New Zealand is an island country in the southwestern Pacific Ocean. It consists of two main landmasses—the North Island and the South Island —and over 700 smaller islands, covering a total area of 268,021 square kilometres, New Zealand is about 2,000 kilometres east of Australia across the Tasman Sea and 1,000 kilometres south of the islands of New Caledonia, Fiji, and Tonga. The country's varied topography and sharp mountain peaks, including the Southern Alps, owe much to tectonic uplift and volcanic eruptions.
New Zealand's geographic isolation for 80 million years and island biogeography has influenced evolution of the country's species of animals, fungi and plants. Physical isolation has caused biological isolation, resulting in a dynamic evolutionary ecology with examples of distinctive plants and animals as well as populations of widespread species. The flora and fauna of New Zealand were originally thought to have originated from New Zealand's fragmentation off from Gondwana, however more recent evidence postulates species resulted from dispersal. About 82% of New Zealand's indigenous vascular plants are endemic, covering 1,944 species across 65 genera. The number of fungi recorded from New Zealand, including lichen-forming species, is not known, nor is the proportion of those fungi which are endemic, but one estimate suggests there are about 2,300 species of lichen-forming fungi in New Zealand and 40% of these are endemic. The two main types of forest are those dominated by broadleaf trees with emergent podocarps, or by southern beech in cooler climates. The remaining vegetation types consist of grasslands, the majority of which are tussock.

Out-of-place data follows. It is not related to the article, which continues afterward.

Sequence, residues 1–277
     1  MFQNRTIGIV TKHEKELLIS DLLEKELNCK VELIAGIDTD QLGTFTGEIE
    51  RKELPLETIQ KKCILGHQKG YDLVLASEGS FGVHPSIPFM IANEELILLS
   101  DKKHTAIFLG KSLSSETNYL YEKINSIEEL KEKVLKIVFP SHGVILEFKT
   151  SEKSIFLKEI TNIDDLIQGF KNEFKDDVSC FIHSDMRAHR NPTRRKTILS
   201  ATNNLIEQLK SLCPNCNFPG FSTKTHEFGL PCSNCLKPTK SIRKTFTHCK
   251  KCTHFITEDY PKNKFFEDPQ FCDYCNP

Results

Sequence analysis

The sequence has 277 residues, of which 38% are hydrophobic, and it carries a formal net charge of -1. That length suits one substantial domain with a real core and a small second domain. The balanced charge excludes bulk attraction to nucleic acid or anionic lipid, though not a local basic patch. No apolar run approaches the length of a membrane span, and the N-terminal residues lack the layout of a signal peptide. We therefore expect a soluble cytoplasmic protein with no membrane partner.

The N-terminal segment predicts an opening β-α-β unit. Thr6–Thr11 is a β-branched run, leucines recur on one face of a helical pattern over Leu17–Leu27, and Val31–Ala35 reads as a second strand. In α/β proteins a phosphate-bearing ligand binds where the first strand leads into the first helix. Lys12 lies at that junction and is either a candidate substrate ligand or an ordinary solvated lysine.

Before the arrival of humans, an estimated 80% of the land was covered in forest, with only high alpine, wet, infertile and volcanic areas without trees. Massive deforestation occurred after humans arrived, with around half the forest cover lost to fire after Polynesian settlement. Much of the remaining forest fell after European settlement, being logged or cleared to make room for pastoral farming, leaving forest occupying only 23% of the land.
The forests were dominated by birds, and the lack of mammalian predators led to some like the kiwi, kākāpō, weka and takahē evolving flightlessness. The arrival of humans, associated changes to habitat, and the introduction of rats, ferrets and other mammals led to the extinction of many bird species, including large birds like the moa and Haast's eagle.
Other indigenous animals are represented by reptiles, frogs, spiders, insects, and snails. Some, such as the tuatara, are so unique that they have been called living fossils. Three species of bats were the only sign of native land mammals in New Zealand until the 2006 discovery of bones from a unique, mouse-sized land mammal at least 16 million years old. Marine mammals, however, are abundant, with almost half the world's cetaceans and large numbers of fur seals reported in New Zealand waters. Many seabirds breed in New Zealand, a third of them unique to the country. More penguin species are found in New Zealand than in any other country, with 13 of the world's 18 penguin species.
Since human arrival, almost half of the country's vertebrate species have become extinct, including at least fifty-one birds, three frogs, three lizards, one freshwater fish, and one bat. Others are endangered or have had their range severely reduced. However, New Zealand conservationists have pioneered several methods to help threatened wildlife recover, including island sanctuaries, pest control, wildlife translocation, fostering and ecological restoration of islands and other protected areas.